Judicial confirmations are a priority for Senate Republicans. Filling lower federal courts with nominees thought to embody traditional conservative judicial philosophy is a particular focus of Senate Majority Leader Mitch McConnell.
Judicial nominations are also becoming hotly contested and partisan. In 2013, the Democratic-controlled Senate eliminated the 60-vote rule for judicial appointments to avoid long delays. In 2017, the Republican-controlled Senate extended that rule to Supreme Court nominations.
The upshot is that judicial nominations are now largely passed on party votes. With a narrow Republican majority in the Senate, the Trump Administration has therefore been successful at appointing its nominees.
The U.S. Senate confirmed 13 nominees to federal district courts just before its August recess. Majority Leader Mitch McConnell had called for the Senate to confirm 19; the remaining six are expected to be confirmed in September, when Congress reconvenes. The Senate confirmed three by voice vote.
All confirmations involved federal district court vacancies. The American Bar Association’s Standing Committee on the Federal Judiciary had given each candidate a Well Qualified or Qualified rating. Of the 98 nominees for the 2019 Congressional Session, the ABA committee has only given one nominee a “not qualified” rating. That nomination is still pending.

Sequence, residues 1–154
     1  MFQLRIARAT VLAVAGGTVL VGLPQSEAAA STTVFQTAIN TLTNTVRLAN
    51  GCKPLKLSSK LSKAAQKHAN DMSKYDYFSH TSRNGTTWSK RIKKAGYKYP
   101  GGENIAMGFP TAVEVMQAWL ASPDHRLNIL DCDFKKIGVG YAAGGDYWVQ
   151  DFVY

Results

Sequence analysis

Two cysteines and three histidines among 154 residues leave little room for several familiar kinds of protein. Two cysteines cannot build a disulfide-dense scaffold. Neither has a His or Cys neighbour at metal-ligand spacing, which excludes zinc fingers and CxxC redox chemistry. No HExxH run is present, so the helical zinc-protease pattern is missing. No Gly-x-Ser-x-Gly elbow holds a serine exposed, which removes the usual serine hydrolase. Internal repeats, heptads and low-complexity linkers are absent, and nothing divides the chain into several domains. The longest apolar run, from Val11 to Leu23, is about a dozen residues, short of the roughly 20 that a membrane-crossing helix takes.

The Senate confirmed six nominees rated “not qualified” in President Trump’s first two years in office, according to Bloomberg Law. Two of those nominees were to appellate circuit courts.
In the U.S. Court of Appeals, judicial confirmations have proceeded rapidly. There are currently only 4 vacancies. The Trump Administration’s most recent nominee for the 5th Circuit, however, is facing questions over his judicial philosophy from both parties.
From the floor of the Senate, McConnell said that “for too long fairly uncontroversial judicial nominees have been held up and delayed.” Of course, McConnell delayed a nomination to the Supreme Court by spearheading the effort to deny a hearing for Merrick Garland in 2016, exemplifying the now highly partisan nature of judicial appointments.
There remain 97 vacancies in U.S. District Courts, and 34 nominees for those vacancies. It appears that the days of the vast majority of judicial nominations passing easily by voice vote are behind us. Expect that an increasing number of federal judges will be appointed based largely on political affiliation.